Before Sequoyah Middle School’s Teacher of the Year was hired to teach a classroom of students, she had spent hours “playing school” as a child.
“I have always wanted to be a teacher,” Miriam Conrady said. “I could play for hours in my room.
(Editor’s Note: This story is one in a series of stories about educators who were chosen Teacher of the Year for their respective schools. Teachers are representing schools from both the Deer Creek and Edmond school districts.)
Her parents had a white board installed in her bedroom one Christmas.
“I will always consider that to be one of the very best gifts I have ever received,” Conrady said.
She said it is hard to choose who has been the most important influence in her life.
“Both of my parents put a huge emphasis on education and school,” Conrady said. “My mom has been on the Putnam City School Board for 22 years. She still works tirelessly for the public school system.”
Conrady added that she had an amazing aunt who was a fabulous math teacher, and one break her aunt brought home an overhead projector so Miriam could play with it.
“I feel that I had several people guiding my decision to become a teacher,” she said.
Conrady has been teaching at Sequoyah for 14 years where she teaches 6th, 7th and 8th grade drama, two classes of each. Before transitioning to drama three years ago, Conrady had taught language arts for 11 years.
HELPS STUDENTS FIND PLACE
She believes the most important thing about teaching middle school students is to help them find their place whether it be band or orchestra, a technology class, the academic team, the basketball team, choir, or in a drama production.
“Middle school is the first time that kids get to have a choice in their education,” Conrady said. “It is so important for all students to have a place that they feel like they truly fit.”
Conrady said she believes teaching drama comes with a different set of priorities than a core class does.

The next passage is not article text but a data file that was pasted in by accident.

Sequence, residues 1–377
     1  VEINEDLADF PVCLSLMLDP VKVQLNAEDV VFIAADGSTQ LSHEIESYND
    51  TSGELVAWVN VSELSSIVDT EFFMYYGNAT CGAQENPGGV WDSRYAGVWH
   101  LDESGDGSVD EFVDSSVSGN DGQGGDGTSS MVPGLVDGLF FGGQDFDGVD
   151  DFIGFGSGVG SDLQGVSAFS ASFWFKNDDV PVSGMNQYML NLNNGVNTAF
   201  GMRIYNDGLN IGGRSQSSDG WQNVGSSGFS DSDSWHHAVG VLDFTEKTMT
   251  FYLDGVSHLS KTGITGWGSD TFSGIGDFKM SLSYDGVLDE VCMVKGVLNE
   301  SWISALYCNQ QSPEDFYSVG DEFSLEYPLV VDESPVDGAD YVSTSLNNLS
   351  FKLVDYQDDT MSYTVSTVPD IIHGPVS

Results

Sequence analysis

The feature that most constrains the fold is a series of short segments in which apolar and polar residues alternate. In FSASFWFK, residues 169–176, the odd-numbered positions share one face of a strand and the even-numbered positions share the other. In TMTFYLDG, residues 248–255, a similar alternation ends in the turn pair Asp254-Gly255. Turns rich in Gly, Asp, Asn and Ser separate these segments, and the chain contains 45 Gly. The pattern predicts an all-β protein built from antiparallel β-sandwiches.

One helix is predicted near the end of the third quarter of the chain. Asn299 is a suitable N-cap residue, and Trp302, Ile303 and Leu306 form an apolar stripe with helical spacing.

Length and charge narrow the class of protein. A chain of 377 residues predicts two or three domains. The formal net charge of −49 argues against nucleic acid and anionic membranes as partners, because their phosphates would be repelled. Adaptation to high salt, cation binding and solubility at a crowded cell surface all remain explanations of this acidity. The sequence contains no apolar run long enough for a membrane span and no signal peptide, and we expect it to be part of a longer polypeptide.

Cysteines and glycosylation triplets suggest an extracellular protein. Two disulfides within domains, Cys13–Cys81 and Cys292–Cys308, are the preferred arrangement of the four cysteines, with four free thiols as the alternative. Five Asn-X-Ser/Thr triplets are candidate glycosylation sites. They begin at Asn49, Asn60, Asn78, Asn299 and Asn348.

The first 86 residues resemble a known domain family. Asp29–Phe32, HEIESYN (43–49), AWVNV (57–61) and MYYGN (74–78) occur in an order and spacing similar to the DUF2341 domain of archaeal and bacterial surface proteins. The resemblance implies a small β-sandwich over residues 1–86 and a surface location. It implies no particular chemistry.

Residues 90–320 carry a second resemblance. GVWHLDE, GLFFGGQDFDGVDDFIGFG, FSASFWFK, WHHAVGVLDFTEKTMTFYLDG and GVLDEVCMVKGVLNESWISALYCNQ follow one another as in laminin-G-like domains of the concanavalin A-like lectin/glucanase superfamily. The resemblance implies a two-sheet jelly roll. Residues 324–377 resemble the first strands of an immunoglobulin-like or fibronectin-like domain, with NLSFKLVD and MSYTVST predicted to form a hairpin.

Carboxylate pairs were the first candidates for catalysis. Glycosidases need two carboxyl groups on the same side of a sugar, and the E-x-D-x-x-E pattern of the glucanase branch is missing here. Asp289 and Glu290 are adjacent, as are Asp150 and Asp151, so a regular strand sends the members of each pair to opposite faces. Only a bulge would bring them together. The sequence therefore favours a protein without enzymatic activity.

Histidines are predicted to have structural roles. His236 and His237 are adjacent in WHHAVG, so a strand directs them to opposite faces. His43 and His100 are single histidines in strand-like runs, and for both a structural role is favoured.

“I tell parents and students every year, that while I know drama may not be for everyone, my main goal is to grow their confidence during the time that I have with them,” Conrady said. “Growing your confidence is such a huge part of middle school.”
Like many educators she believes she is constantly learning from her students.
“Maybe it is a different perspective on how to best perform a scene or a different perspective on how to approach one of their peers,” Conrady said. “We have so much to learn from our students.”
Conrady has a large sign in her classroom that says, “Everyone is welcome here. Everyone belongs.” That is also the philosophy of her classroom.
“Every student has a place in my classroom, and it is important to me that they know it,” she said.
Miriam and her husband, Ben, met their first year at Sequoyah and have been married for 10 1/2 years. Ben is the band director and they teach across the hall from each other.
They are currently in the process of adopting a baby.
Miriam loves musicals and she and her husband try to take a New York City theatre trip every few years.
She leads worship with her husband at the Summit service at Quail Springs United Methodist Church.